'Slow down and think about children': How police combat speeders in local school zones
SPRINGFIELD, Ore. - Speeding through school zones is dangerous - and it happens every day.
In Springfield, busy Harlow Road that goes right past Guy Lee Elementary, topping the list for the most sped-through school zone in Springfield.
"It's a wider, bigger, five-lane road in Springfield that a school is on. One of the only ones," said Officer Mike Massey with Springfield Police.
Massey said often times drivers will tell him they did not see the flashing lights, signs or white letters painted on the roadway.
"There's obviously distraction going on when they're driving through here," Massey said.
The speed limit on roads next to school grounds is 20 mph any time a yellow light on a sign is flashing or between 7 am. and 5 p.m. on school days.
"It's not uncommon to see cars doing 40 and 50," Massey said.
Depending on how fast you are going, a speeding ticket will cost you anywhere from $150-$300.
In a school zones, that fine could double.
It could also cost someone their life.
According to the organization Safe Kids Worldwide, in 2013, an estimated 61 children in the U.S were injured on streets every day.
That is a reality that the Springfield School District takes seriously.
All second graders at Guy Lee Elementary receive pedestrian safety education.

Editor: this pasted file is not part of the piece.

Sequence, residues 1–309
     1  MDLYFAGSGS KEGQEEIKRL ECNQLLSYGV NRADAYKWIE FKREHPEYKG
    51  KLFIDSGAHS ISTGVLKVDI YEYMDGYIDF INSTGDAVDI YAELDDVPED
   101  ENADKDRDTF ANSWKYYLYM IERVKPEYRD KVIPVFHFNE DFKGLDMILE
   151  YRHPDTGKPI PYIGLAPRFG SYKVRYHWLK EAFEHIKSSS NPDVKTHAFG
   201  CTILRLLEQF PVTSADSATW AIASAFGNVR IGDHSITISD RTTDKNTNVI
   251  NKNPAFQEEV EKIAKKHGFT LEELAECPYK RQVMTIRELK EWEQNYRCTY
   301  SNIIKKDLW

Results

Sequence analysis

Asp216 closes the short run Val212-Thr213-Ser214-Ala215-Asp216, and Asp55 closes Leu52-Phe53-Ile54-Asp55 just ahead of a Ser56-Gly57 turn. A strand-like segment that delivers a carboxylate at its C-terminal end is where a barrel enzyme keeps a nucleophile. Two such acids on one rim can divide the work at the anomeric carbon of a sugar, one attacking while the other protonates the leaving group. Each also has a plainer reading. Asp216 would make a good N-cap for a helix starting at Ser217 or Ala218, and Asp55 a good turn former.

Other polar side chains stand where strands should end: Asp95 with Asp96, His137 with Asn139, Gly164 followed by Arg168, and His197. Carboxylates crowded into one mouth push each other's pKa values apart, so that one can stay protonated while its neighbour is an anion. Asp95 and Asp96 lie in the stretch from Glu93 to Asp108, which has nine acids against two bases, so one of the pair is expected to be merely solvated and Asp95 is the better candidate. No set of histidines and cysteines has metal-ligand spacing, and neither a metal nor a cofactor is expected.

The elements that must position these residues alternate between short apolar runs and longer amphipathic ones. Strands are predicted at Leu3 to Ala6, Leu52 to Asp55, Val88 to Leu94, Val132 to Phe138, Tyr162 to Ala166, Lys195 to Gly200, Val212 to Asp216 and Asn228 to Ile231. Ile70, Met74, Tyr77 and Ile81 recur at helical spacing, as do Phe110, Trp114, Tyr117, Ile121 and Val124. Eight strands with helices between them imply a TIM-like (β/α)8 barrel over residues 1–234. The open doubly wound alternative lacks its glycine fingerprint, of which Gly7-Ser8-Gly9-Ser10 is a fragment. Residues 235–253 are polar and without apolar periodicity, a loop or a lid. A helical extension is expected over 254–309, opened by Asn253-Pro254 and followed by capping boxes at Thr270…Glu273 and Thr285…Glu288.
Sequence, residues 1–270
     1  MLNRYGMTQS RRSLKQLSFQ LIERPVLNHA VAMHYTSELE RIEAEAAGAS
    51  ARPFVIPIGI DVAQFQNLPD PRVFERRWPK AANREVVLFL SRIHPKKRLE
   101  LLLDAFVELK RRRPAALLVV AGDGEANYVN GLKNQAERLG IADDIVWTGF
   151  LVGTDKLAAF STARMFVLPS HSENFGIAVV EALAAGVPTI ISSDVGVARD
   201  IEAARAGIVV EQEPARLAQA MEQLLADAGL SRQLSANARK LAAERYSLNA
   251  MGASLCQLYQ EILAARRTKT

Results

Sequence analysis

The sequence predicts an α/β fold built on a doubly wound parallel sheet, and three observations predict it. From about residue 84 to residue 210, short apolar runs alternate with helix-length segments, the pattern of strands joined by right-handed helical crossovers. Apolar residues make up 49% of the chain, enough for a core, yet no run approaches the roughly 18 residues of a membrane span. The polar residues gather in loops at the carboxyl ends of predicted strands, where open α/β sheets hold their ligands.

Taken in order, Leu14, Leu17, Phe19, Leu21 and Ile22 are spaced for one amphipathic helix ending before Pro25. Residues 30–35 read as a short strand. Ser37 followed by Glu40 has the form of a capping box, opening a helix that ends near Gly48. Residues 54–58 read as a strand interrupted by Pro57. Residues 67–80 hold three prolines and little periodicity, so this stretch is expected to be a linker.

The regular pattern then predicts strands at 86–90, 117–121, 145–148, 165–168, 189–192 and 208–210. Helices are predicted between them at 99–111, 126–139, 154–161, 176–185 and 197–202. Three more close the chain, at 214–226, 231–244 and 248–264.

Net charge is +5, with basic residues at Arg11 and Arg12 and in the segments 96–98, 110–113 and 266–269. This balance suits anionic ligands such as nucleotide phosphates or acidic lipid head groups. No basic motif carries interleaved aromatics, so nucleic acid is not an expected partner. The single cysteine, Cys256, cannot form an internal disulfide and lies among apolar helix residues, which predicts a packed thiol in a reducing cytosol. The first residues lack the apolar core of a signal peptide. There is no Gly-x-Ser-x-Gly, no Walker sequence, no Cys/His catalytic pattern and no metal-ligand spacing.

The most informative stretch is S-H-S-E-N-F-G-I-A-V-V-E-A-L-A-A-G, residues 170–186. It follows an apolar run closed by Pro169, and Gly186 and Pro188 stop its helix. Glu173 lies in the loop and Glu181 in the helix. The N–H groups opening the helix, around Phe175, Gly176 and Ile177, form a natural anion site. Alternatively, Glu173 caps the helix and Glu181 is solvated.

Laughton Elliott-DeAngelis is the Safe Routes to School Coordinator for Springfield Schools. He said it is critical to have a safety patrol program at Guy Lee Elementary. Staff members and volunteers help students cross Harlow Road starting at 8 a.m. On school days. He said their bright orange vests, schools flags and stop paddles are environmental cues. "That lets people know, 'Okay. Entering a school zone. I need to slow down and think about children and not about my commute.'"
In Eugene, Bertha Holt Elementary, Prairie Mountain School and Churchill High School are a few of the schools most prone to speeders, according to Officer Scott Dillon.
"They often times lie on people's normal commute routes, and they're through roads, so they have a lot of traffic anyway," Dillon said.
So what is the big deal about speeding through school zones?
Studies show a small increase in speed equals a big increase in risk.
For example,, a car going 20 mph needs about 60 feet to come to a complete stop, Dillon said.
A car going just 10 miles an hour faster will go nearly twice as far before stopping.
"A 20 mph collision is typically survivable," Dillon said. "But a 30 mph...a lot less so."
The Springfield School District is always looking for more parents to help students safely cross the street.